Pearlfisher has unveiled a new brand for Consider Pastures, a company that specialises in “humanely-raised, organic and free-range” eggs.
Founded on the basis of sustainable farming, the company says it offers the “gold standard” in the world of eggs. Its focus on sourcing from small family-run farms and pasture-raised environments allows hens to “roam and behave naturally”, it adds.
The work has been done by Pearlfisher’s New York office, with the project extending to brand strategy and design, as well as packaging. The idea was to “establish a more emotive connection” with consumers, in comparison to competitors, the studio says.
Christian Bird, the studio’s creative director, says Pearlfisher was approached for the project because of its proven track record of “creating desirable and conscious brands capable of cutting through categories and culture”.
The brief was relatively open for the team, Bird continues. “The client knew from the outset that they wanted a unique brand experience and they gave us the freedom to deliver on that expectation,” he says.
One of the most significant elements of the design work is the egg carton itself. Kitman Leung, design director at the studio, says the revival and adaptation of the classic packaging solution showcases Consider Pastures’ “commitment to doing things in an elegant and choiceful way”.
The packaging is adorned with a geometric egg pattern on the top of the pack, and this is carried through to the side panels too. The pattern work is designed to celebrate the “naturally large and imperfect shape of the egg”, according to Leung.
Additionally, when stacked on a supermarket shelf the continuous pattern creates a “wallpaper-like” effect, she says. This was done so that the product would “feel fit for the home rather than allowing category expectations to dictate design,” according to Bird.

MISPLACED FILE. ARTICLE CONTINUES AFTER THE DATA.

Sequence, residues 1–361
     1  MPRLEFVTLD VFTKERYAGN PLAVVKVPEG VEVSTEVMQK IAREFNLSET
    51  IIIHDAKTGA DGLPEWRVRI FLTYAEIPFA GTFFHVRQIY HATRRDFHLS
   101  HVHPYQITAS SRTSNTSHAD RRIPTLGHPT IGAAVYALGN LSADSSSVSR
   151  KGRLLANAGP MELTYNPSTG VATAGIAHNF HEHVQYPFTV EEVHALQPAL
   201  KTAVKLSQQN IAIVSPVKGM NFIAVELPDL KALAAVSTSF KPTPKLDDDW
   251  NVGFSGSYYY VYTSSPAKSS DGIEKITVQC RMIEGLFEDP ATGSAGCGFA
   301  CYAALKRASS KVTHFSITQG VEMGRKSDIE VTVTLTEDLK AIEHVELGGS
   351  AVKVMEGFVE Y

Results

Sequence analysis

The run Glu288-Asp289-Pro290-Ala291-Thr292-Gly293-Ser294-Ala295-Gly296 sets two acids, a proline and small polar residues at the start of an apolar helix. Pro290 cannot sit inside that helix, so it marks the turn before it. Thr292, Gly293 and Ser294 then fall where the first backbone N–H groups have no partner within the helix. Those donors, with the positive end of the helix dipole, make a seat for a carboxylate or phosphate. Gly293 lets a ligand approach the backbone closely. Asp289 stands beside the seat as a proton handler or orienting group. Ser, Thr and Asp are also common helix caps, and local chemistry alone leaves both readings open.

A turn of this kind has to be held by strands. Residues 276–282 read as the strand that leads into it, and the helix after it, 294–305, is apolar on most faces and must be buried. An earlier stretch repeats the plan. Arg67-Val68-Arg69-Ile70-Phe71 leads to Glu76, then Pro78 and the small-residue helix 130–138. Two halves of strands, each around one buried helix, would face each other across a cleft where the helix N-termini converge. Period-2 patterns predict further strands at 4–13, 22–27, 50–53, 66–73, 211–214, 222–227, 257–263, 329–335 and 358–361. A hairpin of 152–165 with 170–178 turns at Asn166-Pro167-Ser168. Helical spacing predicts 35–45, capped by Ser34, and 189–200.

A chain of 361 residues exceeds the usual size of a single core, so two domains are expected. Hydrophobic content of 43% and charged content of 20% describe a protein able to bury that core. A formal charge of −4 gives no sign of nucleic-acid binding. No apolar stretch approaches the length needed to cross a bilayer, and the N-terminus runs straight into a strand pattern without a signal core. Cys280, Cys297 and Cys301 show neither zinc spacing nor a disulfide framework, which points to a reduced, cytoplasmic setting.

“The design features an egg pattern, which you might expect to find on kitchenware and textiles, but it fits perfectly with the vintage carton packaging,” he adds.
Monogram and “discoverable details”
The new Consider Pastures monogram is made up of a stylised C and P and the icon is inspired by Phi, the studio says. Phi is the 21st letter of the Greek alphabet and as a symbol is commonly used in mathematics and science as a reference to the “golden ratio”.
As Pearlfisher puts it, the golden ratio “suggests that the brilliance and infinite detail that naturally occurs in nature is the idea standard for beauty”. The monogram is accompanied by a set of similar icons which represent other facets of the business like “care” and “cultivate”.
On pack and in communications, the monogram appears in gold while the wider brand uses a palette of blues and white. This warm scheme of colours, as well as “discoverable details” found elsewhere in the packaging design, “enable the design to go deeper than the surface”, the studio says.
The gold has particular significance, Bird says. “[The] golden symbols represent the uncompromising standards the hens are raised with – open natural spaces, quality feed and more,” he says.
Set apart from the “conservative egg category”
The studio says the monogram, as well as the “hand-gathered” seal and embossed messaging highlight the “hand-crafted” approach that Consider Pastures employs for raising and sourcing eggs.
The sum is something that marks Consider Pastures out from the wider “conservative egg category”, according to Bird.
“We were able to tell this story through the layers of the brand design,” he says. “Overall, the design really shines on-shelf with the egg pattern working to great affect – less of an ‘egg’ carton, more ‘gift’ box.”
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